So she then invites me to eat at the restaurant with her and her daughter and after a moment of polite rejection, I agree and have a wonderful, tasty, hot, delicious buffalo chicken fried steak, mashed potatoes with chicken gravy, string beans, garlic toast, salad with bleu cheese and milk.  I have to be careful or I’ll end up gaining back some of those 40 pounds that I have lost so far.  Man was that good.

Great family and I couldn’t be in better hands.  So if you ever get close to Ft. Bridger, stop in the Ft. Bridger RV Park and enjoy some great company.

September 13th, 2009


14.5 Miles

HAPPY BIRTHDAY TO ME!  I feel like I have accomplished a lot these last few months and then to do it at the age of 60 makes me feel good.  I have carrying a cranberry muffin mix with me since Iowa so I could eat it on my birthday, well today was that day.  Shirley whipped up the Dutch oven and baked me a little cranberry loaf.  It got a little dark on the bottom but I still enjoyed each bite.  She also made one of my soups, the one that is a potato, a can of corn that I have been saving since Iowa, a little onion and water and presto… you have a great pioneer soup.  So I ate very well today.

By the way, I believe that the added peanut butter protein is correcting my liver and bile problems, thank you dear Lord.  I sure don’t want to be hospitalized at this point of the trek.


I walked with a friend of mine all day today.  David Miller drove out from Salt Lake to be part of the trek and he was great company.  He pulled about seventy five percent of the time and I allowed him to have all of the experience that he wanted.  It was a great birthday present.  As a side note, his cousin rode the trail from Nauvoo to SLC on a motorcycle a few years back and she published a book about the journey.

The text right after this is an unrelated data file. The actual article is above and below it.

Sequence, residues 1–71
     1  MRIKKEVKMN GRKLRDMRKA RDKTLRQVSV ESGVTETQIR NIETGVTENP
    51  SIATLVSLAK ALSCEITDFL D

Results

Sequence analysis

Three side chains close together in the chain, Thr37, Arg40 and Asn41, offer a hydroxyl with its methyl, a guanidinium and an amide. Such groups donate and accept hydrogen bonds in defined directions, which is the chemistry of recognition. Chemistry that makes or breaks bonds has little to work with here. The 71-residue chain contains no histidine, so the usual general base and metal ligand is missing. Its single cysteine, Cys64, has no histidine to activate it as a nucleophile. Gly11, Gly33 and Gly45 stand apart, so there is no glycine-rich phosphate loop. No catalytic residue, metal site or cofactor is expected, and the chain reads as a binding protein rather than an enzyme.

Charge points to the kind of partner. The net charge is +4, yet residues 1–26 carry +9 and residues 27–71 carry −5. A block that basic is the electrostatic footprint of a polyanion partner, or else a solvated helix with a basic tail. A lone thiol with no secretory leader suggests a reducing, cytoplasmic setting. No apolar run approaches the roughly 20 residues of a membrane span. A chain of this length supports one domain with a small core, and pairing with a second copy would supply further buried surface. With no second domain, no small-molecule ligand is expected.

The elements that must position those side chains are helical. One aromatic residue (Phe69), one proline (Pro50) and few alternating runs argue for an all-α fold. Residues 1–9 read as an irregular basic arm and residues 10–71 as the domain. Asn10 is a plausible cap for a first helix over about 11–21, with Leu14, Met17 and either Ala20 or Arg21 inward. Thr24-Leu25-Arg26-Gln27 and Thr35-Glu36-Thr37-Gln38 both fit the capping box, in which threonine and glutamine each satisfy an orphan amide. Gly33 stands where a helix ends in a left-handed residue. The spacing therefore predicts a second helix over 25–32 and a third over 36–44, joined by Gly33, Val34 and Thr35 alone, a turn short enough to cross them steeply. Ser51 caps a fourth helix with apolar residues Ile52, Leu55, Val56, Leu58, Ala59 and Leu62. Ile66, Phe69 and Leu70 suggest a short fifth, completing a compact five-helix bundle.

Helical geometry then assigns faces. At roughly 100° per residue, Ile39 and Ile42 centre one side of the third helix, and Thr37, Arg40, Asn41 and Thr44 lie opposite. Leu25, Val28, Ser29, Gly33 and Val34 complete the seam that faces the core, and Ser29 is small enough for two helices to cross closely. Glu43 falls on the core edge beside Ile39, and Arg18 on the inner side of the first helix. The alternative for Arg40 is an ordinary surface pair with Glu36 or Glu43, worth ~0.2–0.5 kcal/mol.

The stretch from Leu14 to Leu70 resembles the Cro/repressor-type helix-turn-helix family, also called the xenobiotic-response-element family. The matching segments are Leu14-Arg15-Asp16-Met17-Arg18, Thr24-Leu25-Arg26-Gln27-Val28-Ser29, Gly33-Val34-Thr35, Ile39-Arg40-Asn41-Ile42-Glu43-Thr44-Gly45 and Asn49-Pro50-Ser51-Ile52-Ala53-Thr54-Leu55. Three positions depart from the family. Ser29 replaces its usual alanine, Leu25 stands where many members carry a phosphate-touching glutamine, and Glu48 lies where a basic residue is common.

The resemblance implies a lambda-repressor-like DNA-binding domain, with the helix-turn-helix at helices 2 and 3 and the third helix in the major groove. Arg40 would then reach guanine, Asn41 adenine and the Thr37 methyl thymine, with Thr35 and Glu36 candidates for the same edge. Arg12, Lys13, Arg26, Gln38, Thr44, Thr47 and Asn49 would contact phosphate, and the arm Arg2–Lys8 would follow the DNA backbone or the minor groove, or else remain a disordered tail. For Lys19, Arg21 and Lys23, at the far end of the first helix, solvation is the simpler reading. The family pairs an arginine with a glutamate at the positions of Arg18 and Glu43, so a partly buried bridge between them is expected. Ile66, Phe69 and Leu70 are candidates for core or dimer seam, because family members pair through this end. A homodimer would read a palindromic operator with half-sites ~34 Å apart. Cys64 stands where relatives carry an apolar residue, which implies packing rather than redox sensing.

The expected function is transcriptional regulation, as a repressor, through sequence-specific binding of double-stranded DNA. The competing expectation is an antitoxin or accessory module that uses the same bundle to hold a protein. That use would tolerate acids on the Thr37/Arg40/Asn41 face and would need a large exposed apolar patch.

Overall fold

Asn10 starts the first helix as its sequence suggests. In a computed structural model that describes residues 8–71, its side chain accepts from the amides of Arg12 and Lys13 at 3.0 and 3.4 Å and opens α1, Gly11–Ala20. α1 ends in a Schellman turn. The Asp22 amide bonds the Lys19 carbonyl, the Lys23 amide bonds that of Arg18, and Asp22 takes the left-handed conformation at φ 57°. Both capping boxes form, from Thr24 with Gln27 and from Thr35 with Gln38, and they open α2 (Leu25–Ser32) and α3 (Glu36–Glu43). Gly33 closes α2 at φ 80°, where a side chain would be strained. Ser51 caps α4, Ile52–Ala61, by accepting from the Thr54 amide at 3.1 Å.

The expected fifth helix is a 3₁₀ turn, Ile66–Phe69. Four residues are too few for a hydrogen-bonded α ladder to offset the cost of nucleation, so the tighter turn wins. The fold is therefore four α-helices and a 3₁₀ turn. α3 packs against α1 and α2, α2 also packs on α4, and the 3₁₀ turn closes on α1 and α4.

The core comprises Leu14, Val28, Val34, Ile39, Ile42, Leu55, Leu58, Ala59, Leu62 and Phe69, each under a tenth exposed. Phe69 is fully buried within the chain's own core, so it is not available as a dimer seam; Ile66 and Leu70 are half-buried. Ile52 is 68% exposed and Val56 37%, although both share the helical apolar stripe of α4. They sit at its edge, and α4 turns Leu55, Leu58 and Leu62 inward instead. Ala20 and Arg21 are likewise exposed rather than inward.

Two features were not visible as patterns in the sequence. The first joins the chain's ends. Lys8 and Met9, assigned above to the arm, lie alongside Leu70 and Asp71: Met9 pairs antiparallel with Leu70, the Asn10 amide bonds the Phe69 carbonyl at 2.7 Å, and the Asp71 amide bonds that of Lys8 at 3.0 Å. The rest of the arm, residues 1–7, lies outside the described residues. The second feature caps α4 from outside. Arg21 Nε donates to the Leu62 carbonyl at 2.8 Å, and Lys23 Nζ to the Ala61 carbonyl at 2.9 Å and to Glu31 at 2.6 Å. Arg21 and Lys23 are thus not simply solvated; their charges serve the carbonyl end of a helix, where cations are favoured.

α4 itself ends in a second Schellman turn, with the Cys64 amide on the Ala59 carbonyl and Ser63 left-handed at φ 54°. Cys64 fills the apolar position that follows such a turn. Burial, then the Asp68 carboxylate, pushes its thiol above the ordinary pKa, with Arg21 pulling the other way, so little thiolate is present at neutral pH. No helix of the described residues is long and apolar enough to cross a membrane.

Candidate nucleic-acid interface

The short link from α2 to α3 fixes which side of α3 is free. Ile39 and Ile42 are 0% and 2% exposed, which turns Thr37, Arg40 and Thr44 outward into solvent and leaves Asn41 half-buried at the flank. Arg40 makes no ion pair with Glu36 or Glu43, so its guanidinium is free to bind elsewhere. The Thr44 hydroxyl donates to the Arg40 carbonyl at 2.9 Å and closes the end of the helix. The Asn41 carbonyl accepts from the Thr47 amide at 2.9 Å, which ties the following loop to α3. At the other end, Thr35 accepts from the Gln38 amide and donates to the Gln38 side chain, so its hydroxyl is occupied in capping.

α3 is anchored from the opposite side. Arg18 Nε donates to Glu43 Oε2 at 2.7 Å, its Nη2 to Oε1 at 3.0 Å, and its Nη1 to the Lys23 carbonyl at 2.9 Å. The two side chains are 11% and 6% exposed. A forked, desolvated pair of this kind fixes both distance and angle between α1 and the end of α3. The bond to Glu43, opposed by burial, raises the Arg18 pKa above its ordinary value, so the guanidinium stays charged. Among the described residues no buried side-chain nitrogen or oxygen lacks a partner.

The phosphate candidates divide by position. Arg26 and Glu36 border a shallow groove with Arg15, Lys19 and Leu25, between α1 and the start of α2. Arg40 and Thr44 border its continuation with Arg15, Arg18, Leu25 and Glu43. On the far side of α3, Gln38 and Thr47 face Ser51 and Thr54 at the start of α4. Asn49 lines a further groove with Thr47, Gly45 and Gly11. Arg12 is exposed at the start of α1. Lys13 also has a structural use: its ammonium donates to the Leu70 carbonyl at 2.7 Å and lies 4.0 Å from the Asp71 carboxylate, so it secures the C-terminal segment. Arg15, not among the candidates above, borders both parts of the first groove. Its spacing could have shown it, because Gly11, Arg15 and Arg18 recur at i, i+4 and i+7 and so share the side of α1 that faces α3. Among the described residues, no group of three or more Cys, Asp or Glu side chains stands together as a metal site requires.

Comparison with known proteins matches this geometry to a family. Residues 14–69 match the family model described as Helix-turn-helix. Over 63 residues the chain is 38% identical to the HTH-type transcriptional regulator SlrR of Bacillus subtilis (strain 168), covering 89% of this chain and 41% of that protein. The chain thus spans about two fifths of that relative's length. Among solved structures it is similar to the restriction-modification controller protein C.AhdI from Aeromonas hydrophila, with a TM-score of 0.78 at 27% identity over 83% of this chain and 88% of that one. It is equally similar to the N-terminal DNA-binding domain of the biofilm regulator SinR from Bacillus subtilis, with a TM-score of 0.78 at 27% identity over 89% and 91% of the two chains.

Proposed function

I am only one days walk, about twenty miles, from Fort Bridger tomorrow and that is my last trade/barter or work place for me.  It is also my last mental line in the sand that I have that tells me how close to home that I am.  The closer that I get to the valley, the more emotional I become, because of all that I have gone through, I can’t wait to join family and friends for a wonderful reunion on the 26th!

September 12th, 2009


14 Miles

Two weeks from today and I will be in the valley!

Today I had to follow the dirt trail by myself for about 3 miles but ran into a problem when the trail entered the private property of a mine and so I had to go cross country through the sage and brush and then ran into a 25 foot gulley that was a real pain to figure out on how to get into and then back out of by myself.  Thirty minutes later and I was going cross country again.  All in all, it took me about an extra two hours to circumvent this mine before I could get back on the trail.

Now you have to visualize where I am walking, absolutely in the middle of nowhere WY and was walking a dirt road next to the trail and this car pulls up next to me